Diagnosis

Fig. 5.1

Fryback and Thornbury’s framework of the efficacy of diagnostic imaging
Nonendodontic Lesions Misdiagnosed as Apical Periodontitis
There are a number of nonendontic lesions, both benign and malign, mimicking apical periodontitis in the radiograph. These include fibroosseous lesions, ameloblastomas, nasopalatine duct cysts, keratocystic odontogenic tumor, metastatic injuries, and carcinomas [49, 50]. Some of these will present asymptomatic, whereas others will be present with both pain and swelling. Because the vast majority of all periapical bone lesions are indeed due to an infection of endodontic origin, there may be a risk of misdiagnosing those few who are not, as apical periodontitis. It is therefore emphasized that the clinical and radiologic examination as well as analysis of the patients’ medical history must be comprehensive. In root-filled teeth, the usually most valuable diagnostic tool, pulp vitality test, is not available. Therefore, the risk of a misdiagnosis may be more pronounced. If the medical history, clinical examination, and/or radiographic features result in a suspicion of a nonendodontic lesion, a biopsy and sequential histopathological analysis are mandatory.

5.3 An Everyday Practical Approach to Diagnosing Apical Periodontitis in Root-Filled Teeth

5.3.1 Diagnostic Strategy

The art and science of diagnosing apical periodontitis in root-filled teeth are hampered by several difficulties. Misdiagnosis can therefore not be completely avoided. A deliberate strategy may be a mean to steer away from unwanted mistakes or to guide to acceptable and calculated mistakes. If a clinician, in a given situation, wants to minimize the number of false-positive diagnoses, i.e., wants to minimize the number of healthy wrongly diagnosed as being ill, the requirements for a positive diagnosis should be kept strict, and a positive diagnosis should be reported only when absolutely certain. Adopting such a strategy, the patient or the tooth “benefits of the doubt.” If, on the other hand, the clinician wants to minimize the number of false-negative diagnoses, i.e., wants to minimize the number of sick registered as healthy, the requirements for a positive diagnosis should be more including, and a positive diagnosis should be reported whenever there is a suspicion of disease. Such a strategy in contrast to above could be characterized as “trap rather than free.” A reduction of false-positives diagnoses always brings an increase in the number of false-negative diagnoses and vice versa. Selection of strategy thus always has a desired and an undesired effect [33, 51].
It is likely that a more general use of CBCT would improve the diagnostic accuracy of apical periodontitis in root-filled teeth. In particular, the proportion of false-negative diagnoses could be reduced. But it cannot be ruled out that the risk of an increased amount of false-positive diagnoses could also be the result, in particular in the absence of symptoms and when then the preoperative appearance of the lesion is unknown. Also, because the dynamics of the healing process over time after root filling is undetermined, unrestrainedly use of CBCT would bring about risk of substantial overdiagnosis and as logical result also overtreatment (for further reading, see Chap. 6 “Decision Making”). As with any ionizing radiation exposure to patients, the potential benefits should outweigh the potential risks.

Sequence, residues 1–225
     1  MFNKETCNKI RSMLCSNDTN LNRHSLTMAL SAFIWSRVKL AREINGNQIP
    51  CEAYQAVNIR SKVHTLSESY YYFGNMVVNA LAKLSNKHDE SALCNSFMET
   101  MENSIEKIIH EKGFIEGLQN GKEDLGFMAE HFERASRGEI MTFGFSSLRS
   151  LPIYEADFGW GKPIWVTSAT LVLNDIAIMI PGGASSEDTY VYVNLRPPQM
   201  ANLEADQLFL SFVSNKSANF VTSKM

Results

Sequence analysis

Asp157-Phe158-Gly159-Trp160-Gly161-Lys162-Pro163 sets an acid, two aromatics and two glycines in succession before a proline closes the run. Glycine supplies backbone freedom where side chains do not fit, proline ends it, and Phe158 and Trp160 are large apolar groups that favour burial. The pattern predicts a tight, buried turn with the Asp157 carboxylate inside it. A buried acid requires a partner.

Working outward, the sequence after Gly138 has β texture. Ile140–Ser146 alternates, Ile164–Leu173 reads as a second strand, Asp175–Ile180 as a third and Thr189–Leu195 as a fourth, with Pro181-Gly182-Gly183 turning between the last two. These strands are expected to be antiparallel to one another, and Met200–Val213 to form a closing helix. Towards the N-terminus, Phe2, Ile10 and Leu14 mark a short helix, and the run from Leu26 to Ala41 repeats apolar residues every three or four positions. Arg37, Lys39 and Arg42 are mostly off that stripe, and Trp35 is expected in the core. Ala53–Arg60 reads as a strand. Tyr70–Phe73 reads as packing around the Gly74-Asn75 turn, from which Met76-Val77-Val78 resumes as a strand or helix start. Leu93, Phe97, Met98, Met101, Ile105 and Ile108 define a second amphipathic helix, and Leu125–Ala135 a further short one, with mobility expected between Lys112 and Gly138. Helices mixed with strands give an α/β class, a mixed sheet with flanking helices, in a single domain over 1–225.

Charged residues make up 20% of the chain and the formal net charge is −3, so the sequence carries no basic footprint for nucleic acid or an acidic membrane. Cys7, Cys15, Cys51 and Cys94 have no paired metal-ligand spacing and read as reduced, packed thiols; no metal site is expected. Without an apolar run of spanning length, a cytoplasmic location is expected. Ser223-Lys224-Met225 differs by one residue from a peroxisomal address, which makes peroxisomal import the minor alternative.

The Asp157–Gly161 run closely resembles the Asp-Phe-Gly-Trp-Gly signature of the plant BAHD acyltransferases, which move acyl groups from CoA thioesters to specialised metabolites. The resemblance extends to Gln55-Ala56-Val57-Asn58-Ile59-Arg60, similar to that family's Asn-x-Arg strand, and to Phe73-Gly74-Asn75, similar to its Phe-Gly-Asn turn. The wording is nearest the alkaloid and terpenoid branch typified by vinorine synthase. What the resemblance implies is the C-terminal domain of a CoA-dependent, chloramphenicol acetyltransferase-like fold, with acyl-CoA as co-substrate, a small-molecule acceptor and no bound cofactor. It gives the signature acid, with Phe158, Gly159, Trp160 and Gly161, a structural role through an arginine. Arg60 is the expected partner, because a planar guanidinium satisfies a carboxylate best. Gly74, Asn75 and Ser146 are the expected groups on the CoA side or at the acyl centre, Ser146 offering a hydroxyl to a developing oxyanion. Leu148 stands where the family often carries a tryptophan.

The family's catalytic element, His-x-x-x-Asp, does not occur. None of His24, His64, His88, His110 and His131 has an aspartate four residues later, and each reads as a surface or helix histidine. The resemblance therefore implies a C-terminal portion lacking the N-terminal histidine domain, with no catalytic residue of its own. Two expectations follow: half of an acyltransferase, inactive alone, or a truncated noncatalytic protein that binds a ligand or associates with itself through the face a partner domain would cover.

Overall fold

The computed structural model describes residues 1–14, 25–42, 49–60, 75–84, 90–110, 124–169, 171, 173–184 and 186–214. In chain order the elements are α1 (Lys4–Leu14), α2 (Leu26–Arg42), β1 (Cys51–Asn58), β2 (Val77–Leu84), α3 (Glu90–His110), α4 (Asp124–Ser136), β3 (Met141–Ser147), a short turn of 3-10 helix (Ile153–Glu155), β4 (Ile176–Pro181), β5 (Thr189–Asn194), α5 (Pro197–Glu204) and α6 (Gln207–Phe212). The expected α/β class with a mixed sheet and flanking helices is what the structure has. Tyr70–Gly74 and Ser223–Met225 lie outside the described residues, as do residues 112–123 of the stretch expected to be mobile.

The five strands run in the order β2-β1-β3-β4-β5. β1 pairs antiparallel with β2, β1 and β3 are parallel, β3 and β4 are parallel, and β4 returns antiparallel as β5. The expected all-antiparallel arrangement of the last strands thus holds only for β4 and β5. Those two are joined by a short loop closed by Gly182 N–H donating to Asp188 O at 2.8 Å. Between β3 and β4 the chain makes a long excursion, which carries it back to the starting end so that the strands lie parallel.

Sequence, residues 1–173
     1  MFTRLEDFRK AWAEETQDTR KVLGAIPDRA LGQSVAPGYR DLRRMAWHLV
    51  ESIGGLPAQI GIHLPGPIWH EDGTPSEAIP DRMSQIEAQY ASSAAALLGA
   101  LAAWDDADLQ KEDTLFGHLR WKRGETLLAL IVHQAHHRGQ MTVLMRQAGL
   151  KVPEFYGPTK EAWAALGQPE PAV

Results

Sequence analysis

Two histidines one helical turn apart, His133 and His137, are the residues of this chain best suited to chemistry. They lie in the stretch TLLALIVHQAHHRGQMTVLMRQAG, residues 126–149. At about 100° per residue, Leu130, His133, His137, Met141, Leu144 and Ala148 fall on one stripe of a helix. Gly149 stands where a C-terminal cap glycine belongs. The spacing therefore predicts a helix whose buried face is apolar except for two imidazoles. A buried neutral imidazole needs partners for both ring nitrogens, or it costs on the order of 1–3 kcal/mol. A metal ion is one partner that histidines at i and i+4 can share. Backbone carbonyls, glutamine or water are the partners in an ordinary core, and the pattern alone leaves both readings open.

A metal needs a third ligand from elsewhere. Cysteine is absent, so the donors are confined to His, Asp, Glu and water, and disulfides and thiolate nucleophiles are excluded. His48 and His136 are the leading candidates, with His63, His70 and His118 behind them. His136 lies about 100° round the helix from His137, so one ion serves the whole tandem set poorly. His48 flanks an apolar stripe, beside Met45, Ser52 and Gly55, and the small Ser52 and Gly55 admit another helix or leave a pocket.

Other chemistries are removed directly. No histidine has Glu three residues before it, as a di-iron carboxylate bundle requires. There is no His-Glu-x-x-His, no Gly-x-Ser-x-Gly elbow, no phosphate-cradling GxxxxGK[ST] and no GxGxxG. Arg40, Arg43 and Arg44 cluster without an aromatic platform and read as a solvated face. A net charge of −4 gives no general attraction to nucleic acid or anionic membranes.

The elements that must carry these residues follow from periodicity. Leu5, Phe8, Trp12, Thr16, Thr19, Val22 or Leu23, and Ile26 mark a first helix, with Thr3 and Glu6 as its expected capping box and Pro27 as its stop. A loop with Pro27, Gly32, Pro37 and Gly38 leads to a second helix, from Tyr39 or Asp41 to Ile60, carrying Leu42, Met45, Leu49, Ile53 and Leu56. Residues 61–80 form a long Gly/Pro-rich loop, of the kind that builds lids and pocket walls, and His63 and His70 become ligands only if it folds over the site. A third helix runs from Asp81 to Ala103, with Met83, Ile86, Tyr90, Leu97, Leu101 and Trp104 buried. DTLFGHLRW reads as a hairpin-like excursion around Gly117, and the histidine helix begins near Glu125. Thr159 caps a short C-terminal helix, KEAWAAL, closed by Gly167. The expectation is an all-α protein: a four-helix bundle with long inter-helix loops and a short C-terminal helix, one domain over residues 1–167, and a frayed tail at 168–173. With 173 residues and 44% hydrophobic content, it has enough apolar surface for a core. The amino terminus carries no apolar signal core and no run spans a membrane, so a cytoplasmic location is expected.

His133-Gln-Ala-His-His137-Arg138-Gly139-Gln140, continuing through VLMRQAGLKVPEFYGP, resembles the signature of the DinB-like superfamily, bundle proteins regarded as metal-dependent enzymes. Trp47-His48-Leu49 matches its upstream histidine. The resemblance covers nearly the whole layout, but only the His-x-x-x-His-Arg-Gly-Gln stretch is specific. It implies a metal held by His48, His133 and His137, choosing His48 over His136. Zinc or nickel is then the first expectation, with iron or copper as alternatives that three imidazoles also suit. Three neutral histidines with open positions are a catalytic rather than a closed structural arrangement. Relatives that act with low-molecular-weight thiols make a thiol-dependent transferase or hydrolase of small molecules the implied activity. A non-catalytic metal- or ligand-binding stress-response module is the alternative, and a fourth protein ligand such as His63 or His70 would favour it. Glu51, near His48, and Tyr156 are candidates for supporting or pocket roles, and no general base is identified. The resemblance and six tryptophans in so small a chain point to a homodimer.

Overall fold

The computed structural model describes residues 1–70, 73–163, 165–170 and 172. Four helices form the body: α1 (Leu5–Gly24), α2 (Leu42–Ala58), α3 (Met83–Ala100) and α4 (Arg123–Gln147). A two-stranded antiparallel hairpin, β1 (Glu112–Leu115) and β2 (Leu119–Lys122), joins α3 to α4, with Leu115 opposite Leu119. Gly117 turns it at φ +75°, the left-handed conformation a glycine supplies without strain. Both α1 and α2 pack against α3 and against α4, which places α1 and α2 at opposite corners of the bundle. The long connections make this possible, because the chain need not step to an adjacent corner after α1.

5.3.2 Arguments for “Benefit of the Doubt” Strategy

The high frequency of root-filled teeth with periapical bone destructions seems to persist despite the technical quality of root fillings has improved over time [52, 53].
Millions of teeth saved to survival and asymptomatic function are present in many countries all over the world. The risks of a systemic adverse effect on the health of untreated apical periodontitis may, on the basis of the evidence currently available, considered small for healthy patients (see Chap. 4 “Consequences”). Severe acute infectious condition resulting from apical periodontitis in root-filled teeth is also unusual and has been estimated to less than 5% over a period of 25 years [54]. Unfortunately, there is no scientifically established method to distinguish between different severities of periapical disease. There is some evidence that there is a connection between the periapical size and the amount of involved microorganisms [21]. Many different microorganisms, in most cases the bacteria but sometime fungi, have been found in the biofilms that persist in filled root canals. There are no accepted scientifically founded clinical methods to distinguish particularly “dangerous” or “harmless” biofilms from this perspective.
In many cases the root filling quality is poor, and an apical lesion is apparent to anyone who is observing the radiograph despite the fact the patient is free from symptoms. In such cases there is little or no doubt about the diagnosis; the tooth should be diagnosed with persistent apical periodontitis. In other situations, the periapical radiolucency is big and shows no signs of reduction in size despite adequate root canal treatment. It may be suspected that the periapical lesion represents a periradicular cyst without any further healing potential without further treatment [55, 56]. The next steps are to inform the patient and have a dialogue about how the situation should be managed. This process is reviewed in Chap. 6.
However, if the root filling quality is reasonable within acceptable standards, the clinician may remain ambiguous about the periapical diagnosis.
When uncertain about the diagnosis of apical periodontitis, it seems likely from the bulk of available information that most patients will “benefit from the doubt” when apical periodontitis in an asymptomatic and properly root-filled tooth is considered. In other words, false-positive diagnoses should be avoided. This means that the clinician deliberately should choose to refrain from diagnosing apical periodontitis in root-filled teeth when in doubt, rather than taking risk of diagnosing and hence treating teeth with healed or healing apical periodontitis.

5.3.3 Exceptions from the “Benefit from the Doubt” Strategy

A careful medical history is important for all patients under dental care. There are several medical conditions and medications that cause a deterioration of the immune system, by the lack of white blood cells or the inability of a patient to produce antibodies.